This review starts in the byline. Usually when I review a circus or an ice show, I use the standard "staff writer" byline, or even "entertainment writer." But I have intentionally chosen to use my "theater critic" label this time, because that's what this year's edition of "Walt Disney's Magic Kingdom on Ice," which opened Wednesday at the Salt Palace, is.

Pure theater.Sure, there's plenty of producer Kenneth Feld's trademark pageantry, with flashy costumes and special effects and, of course, appearances by all of your favorite Walt Disney characters from Mickey Mouse to Donald Duck. And there's also all the skating brilliance you'd expect to see in a national touring ice show.

But this year the skating has been interwoven into a well-executed production of the Disney version of the Italian folk tale, "Pinocchio." Indeed, the focus here is on storytelling, with skating performances coming almost as an afterthought - an entertaining recipe that really seemed to work as far as my family and I were concerned.

National professional skating champion J. Scott Driscoll stars here as Pinocchio, and his performance is the solid foundation upon which the show is built. Facially and physically, he does an outstanding job of capturing the spirit of the marionette who comes to life in dear old Geppetto's workshop. And when he's given a chance to cut loose on the ice, he presents some of the evening's most polished, energetic skating.

Also sparkling in a pseudo-dramatic role is Shannon Sowers, who is lovely and lithe as Pinocchio's heroine, the Blue Fairy. She gives the show a magical presence whenever she appears in a role that is reminiscent of the featured skating role of previous "Walt Disney's Magic Kingdom on Ice" incarnations. Here she's just a supporting part - but she's strong support.

The most memorable skating performances of the evening, however, are turned in by a couple of skating teams that also appear in supporting roles dramatically. The pair of Toyka Raol and Eric Kerr is absolutely stunning in two spotlight solos. Their second appearance, as goldfish helping Pinocchio underwater, is especially exciting, as it ends with some incredible - even frightening - spins and turns.

But if you took a poll in the opening night audience Wednesday, I'd bet the clear-cut favorites were The Jackpots, a comedy skating trio from England that takes center stage several times. Mixing athletic skating prowess with daredevil trickery and some superbly timed comedy, these guys will leave you laughing (and a little wet if you sit close to rinkside).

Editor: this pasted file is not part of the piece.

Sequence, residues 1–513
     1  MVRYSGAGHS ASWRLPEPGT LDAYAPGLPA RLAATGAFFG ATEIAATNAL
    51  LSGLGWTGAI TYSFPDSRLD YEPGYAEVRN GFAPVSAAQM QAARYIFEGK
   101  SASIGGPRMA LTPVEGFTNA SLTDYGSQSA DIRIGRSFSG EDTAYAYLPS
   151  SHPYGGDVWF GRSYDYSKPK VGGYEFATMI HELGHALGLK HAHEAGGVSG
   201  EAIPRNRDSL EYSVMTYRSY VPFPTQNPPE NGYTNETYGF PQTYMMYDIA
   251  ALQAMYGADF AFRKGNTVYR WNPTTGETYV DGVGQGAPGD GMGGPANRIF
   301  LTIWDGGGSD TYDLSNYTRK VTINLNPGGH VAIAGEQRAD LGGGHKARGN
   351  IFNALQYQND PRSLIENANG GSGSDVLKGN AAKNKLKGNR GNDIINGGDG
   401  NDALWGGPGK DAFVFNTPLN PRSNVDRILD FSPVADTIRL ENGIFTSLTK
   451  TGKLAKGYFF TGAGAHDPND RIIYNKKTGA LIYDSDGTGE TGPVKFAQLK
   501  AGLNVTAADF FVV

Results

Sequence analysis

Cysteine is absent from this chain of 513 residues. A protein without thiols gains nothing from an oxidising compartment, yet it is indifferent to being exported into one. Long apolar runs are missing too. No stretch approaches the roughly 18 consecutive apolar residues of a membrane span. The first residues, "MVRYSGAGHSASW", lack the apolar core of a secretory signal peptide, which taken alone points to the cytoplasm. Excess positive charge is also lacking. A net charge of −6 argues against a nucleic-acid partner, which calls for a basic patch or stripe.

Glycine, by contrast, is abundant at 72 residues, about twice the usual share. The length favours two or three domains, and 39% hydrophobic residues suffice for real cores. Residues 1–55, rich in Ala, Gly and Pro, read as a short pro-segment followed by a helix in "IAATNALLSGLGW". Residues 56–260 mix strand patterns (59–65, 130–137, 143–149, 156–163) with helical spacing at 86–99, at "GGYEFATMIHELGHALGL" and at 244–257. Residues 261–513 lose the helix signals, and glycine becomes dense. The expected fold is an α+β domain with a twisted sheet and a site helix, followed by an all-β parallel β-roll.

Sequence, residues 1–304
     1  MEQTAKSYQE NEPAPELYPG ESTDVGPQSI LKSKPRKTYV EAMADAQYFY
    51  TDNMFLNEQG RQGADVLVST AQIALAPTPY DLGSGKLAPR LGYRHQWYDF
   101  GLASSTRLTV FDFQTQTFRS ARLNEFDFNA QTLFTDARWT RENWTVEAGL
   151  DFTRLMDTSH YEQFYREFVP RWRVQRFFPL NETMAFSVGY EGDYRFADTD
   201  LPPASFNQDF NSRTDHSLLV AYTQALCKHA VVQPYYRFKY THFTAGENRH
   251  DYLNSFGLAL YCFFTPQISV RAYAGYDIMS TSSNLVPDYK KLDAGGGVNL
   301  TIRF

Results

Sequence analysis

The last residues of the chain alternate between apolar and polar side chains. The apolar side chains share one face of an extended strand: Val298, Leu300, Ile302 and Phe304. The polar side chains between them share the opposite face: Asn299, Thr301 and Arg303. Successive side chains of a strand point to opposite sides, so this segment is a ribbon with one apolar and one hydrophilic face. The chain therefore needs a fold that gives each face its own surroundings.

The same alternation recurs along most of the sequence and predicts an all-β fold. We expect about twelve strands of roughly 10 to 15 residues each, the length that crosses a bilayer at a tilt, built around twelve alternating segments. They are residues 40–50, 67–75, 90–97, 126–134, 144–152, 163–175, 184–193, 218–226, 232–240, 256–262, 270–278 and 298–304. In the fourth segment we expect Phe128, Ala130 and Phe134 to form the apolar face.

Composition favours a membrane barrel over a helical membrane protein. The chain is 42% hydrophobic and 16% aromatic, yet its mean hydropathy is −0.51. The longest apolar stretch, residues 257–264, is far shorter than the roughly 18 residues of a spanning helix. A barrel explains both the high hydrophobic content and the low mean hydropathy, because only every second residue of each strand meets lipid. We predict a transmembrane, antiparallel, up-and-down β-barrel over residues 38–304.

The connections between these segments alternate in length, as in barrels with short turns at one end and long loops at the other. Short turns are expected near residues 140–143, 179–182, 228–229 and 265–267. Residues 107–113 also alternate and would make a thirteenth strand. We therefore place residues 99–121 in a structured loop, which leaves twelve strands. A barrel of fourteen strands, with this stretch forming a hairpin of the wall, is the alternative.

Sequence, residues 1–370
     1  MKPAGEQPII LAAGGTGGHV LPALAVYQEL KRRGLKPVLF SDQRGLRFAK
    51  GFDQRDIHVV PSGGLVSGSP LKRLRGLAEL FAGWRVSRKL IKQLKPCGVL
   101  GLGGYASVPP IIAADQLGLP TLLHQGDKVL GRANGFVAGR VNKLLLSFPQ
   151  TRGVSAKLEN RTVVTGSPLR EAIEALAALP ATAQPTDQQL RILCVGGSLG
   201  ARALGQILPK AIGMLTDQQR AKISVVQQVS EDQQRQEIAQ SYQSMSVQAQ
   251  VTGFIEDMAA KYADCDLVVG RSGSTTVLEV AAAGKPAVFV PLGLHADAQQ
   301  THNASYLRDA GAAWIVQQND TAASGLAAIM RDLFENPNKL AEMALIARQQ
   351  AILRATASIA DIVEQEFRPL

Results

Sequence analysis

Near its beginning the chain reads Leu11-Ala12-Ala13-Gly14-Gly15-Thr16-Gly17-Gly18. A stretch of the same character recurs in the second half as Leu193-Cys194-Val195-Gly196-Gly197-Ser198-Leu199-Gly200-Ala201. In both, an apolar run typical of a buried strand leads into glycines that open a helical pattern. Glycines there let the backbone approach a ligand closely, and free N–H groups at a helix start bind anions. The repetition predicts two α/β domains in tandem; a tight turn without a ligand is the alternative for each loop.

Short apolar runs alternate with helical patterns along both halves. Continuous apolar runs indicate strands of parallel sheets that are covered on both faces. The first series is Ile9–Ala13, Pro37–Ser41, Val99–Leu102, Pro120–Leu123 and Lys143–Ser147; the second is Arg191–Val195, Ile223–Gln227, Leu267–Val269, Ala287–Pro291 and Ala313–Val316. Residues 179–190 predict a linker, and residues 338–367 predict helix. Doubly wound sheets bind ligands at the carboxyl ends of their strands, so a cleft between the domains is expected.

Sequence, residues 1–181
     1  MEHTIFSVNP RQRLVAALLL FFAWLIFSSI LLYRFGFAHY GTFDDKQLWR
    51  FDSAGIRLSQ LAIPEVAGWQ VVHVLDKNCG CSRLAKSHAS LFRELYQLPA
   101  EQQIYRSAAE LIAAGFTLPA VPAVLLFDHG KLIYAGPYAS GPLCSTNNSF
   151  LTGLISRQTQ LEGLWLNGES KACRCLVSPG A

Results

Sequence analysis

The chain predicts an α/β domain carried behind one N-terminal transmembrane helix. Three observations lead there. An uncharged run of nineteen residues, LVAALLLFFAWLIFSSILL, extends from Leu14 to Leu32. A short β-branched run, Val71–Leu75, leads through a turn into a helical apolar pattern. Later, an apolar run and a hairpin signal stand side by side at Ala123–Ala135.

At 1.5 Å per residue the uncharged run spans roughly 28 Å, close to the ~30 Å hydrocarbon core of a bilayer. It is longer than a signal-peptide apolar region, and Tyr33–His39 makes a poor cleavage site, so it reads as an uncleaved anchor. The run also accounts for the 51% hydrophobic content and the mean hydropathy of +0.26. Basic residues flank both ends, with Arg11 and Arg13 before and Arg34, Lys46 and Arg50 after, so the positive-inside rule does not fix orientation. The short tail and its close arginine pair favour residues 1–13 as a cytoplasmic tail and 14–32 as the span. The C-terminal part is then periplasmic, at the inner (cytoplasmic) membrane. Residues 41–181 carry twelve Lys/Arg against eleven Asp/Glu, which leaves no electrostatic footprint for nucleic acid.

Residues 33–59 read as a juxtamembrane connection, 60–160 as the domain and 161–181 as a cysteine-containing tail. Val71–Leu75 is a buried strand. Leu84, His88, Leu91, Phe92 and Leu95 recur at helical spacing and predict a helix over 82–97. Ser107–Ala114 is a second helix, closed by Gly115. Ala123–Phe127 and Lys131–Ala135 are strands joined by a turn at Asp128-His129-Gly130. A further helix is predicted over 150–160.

Cheers should also go to the skaters who manage to stay on their feet and emote believably while packaged inside those Disney character costumes. And to members of the skating chorus who are able to keep smiles on their faces while going through paces they could probably go through with their eyes closed. And to costumer Jose Lengson for his dazzling, colorful creations. And to scenic designer Reid Carlson for a set that is a marvel of functional mobility. And to choreographer Bob Paul, who has created a series of delightful routines that make up in artistic interpretation what they may lack in degree of difficulty.

And let's don't forget ice show vice president Richard L. Haskell, who deserves mention for his overall orchestration of the show - and for the fact that he hails from Salt Lake. (We won't hold it against him that he has opted for the empty sound of canned music this year instead of a live orchestra.)

Of course, the lion's share (or, in the case of a Walt Disney show, the mouse's share) of the credit should go to writer/director Jerry Bilik, who has created a delightful entertainment that moves swiftly and with purpose from the opening overture until the final bows. Beautifully balanced and technically precise, this "Magic Kingdom on Ice" is indeed magical.

And theatrical.